As we’ve lost one of the greatest, Gil Scott-Heron, many people dug out their favourite records and payed tribute. Check these from Gilles Peterson, Benji B, Twit One, Black Classical, Ennio Styles, DJ Mayhem, Cookin Soul, Melting Pot or the previously recommended JJ Smoking Sessions. There are probably 500 more of these, but maybe you should start buying his albums instead – if you don’t have them by now.
The city of Munich will host an exhibition on electronic pioneers Kraftwerk later this year in autumn. I’m particularly interested in its catalogue, Kraftwerk: 3D, which should make it to regular bookstores around the world.
FACT Magazine had quite some exciting album news this week, including Zomby’s Dedication, Silkie’s City Limits Vol. 2 and Björk’s iPad album. There were some links up for a stream of Zomby’s album, but they currently don’t seem to work
Frsh Slcts not only put up the second part of the Analogue Monsta Mix, you can also get a free Suzi Analogue EP from the same link.
More free music comes from Georgia Anne Muldrow, who gives away last year’s SomeOthaShip via Bandcamp
Aus Music’s Midland did an exclusive mixtape for URB Mag. So did Dego for W Hotels, but it’s kinda hard to find (click on Living Room, then switch to playlist mode.) Lastly, here is another Kutmah mix for the Sketchbook radio show.
Let’s go back to Gil Scott-Heron one more time: Ninja Mixdump just posted an old concert from 1977. You can listen to the stream on Mixcloud or find the download link over here.
Director Kahlil Joseph, who already shot the video for Aloe Blacc’s I Need a Dollar, and cameraman Bradford Young are responsible for this nicely photographed images for Seu Jorge & Almaz.
In this video, you can hear three cover-versions taken from their self-titled album: Roy Ayers’ “Everybody Loves The Sunshine,” Martinho da Vila and João de Aquino’s “Cirandar” and Kraftwerk’s “The Model”.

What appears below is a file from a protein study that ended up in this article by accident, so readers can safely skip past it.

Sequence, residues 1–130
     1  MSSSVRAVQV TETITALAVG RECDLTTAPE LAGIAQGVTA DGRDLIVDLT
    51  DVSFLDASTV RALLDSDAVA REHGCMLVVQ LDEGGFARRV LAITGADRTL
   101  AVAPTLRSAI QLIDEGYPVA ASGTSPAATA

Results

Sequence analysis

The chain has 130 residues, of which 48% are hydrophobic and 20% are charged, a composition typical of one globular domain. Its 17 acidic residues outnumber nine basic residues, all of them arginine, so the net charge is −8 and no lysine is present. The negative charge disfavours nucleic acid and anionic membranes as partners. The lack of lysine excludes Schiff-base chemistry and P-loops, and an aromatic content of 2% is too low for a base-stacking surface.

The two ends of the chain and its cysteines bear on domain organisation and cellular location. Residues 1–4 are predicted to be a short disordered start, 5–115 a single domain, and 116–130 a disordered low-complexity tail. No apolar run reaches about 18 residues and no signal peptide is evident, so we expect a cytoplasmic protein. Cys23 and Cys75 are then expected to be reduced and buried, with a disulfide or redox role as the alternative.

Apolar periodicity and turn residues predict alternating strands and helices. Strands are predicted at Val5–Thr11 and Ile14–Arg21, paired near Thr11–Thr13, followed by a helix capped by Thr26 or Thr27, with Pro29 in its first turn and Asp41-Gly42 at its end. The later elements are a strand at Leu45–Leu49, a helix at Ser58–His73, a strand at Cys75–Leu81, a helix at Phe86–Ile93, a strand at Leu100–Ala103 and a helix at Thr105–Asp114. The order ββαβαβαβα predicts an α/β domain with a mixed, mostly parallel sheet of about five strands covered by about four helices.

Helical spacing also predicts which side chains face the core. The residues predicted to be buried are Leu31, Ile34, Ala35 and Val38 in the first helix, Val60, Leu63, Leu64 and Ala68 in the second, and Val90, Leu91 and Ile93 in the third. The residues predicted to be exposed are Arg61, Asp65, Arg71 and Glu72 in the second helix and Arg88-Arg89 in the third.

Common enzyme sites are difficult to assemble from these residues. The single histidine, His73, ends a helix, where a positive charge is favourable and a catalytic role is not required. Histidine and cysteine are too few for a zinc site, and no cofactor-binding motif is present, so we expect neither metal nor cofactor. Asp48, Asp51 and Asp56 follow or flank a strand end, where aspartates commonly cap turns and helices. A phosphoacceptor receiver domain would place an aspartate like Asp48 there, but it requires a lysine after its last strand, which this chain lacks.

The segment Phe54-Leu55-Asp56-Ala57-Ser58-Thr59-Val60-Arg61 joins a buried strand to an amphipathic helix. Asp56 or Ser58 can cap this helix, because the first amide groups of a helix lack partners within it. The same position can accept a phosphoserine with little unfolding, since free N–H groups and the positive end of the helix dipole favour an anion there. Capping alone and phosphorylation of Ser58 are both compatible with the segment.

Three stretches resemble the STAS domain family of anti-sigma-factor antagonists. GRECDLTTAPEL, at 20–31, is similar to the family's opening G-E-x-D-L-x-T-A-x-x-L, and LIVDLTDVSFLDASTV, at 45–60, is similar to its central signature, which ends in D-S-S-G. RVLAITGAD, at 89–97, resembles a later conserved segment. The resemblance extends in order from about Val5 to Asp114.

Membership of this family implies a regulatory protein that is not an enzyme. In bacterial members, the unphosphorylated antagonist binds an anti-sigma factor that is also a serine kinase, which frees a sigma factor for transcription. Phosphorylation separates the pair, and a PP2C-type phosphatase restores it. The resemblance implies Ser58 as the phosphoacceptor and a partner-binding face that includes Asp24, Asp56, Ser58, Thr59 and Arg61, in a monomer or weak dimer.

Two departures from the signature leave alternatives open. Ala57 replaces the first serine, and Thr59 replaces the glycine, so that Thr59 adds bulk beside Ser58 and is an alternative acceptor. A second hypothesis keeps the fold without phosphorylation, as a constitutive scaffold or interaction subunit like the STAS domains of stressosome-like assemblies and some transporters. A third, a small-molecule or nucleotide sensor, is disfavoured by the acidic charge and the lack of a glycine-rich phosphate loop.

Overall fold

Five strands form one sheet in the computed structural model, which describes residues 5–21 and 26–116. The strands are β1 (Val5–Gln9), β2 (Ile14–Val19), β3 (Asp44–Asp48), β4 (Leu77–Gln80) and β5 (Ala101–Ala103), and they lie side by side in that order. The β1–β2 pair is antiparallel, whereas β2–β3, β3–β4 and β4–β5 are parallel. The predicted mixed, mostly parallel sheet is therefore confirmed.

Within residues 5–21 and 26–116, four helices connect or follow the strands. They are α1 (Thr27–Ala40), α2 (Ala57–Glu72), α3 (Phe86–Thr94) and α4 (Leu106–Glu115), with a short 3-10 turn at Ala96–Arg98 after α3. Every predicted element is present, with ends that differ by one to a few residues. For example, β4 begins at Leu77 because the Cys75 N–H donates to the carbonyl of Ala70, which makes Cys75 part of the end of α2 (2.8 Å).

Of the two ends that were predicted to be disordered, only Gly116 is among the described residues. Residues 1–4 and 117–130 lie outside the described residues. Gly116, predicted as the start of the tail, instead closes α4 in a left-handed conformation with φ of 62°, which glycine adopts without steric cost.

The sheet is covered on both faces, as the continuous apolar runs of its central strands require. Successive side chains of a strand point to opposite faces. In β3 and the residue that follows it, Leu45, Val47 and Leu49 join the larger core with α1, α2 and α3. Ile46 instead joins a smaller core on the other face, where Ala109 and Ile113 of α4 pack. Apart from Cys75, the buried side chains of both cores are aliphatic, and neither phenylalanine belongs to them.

The album is out on Stones Throw sidekick Now-Again.
(via Friends We Love)
December 4, 2010 Chapter two is called The Model: Oshun and the Dream and it’s online now!
Düsseldorf’s electronic music pioneers Kraftwerk released their eight albums from 1974’s Autobahn to 2003’s Tour de France in a box-set. While some fans will be sad that early albums Kraftwerk, Kraftwerk 2 and Ralf & Florian are not included in the selection, the ones included were remastered for the first time by today’s standards. If you’re not sure what this means or what you can expect, I recommend having a read on 5 against 4 for an in-depth comparison.
Another question for die-hard fans is the language of this 8-CD box set. Kraftwerk originally recorded albums with both German titles and lyrics. For the English speaking part of the world, however, the quartet chose to re-record the albums. Many got to learn Kraftwerk from these “translations” and may want to stick to that. On the other hand it’s not only the orthodox fans that want to get their hand on the “original” versions, but it’s also a chance to discover something slightly different.
So, here’s an overview on the different options available to you. In Germany, Kraftwerk’s own Kling Klang imprint releases both versions of 1234568, otherwise identifiable by the cover saying “Der Katalog” or “The Catalogue”. In the UK it’s Mute putting out the English box set, in the States it’s Astralwerks.
Der Katalog / The Catalogue
Radioaktivität / Radio-Activity
Trans Europa Express / Trans Europe Express
Die Mensch-Maschine / The Man-Machine
Computerwelt / Computer World
Tour De France
Apart from the CD-only box set, all of the included albums are available seperately on remastered LPs. To spot the right version for you, it is recommend to take a closer look. Amazon sells the vinyl versions in Germany, United Kingdom and the United States. The former is the only one with both versions available. However, if you spot a version at your favourite record-dealer, you better ask staff or listen to the record before buying.
It also seems that U.S. buyers still have to wait for the box to be released.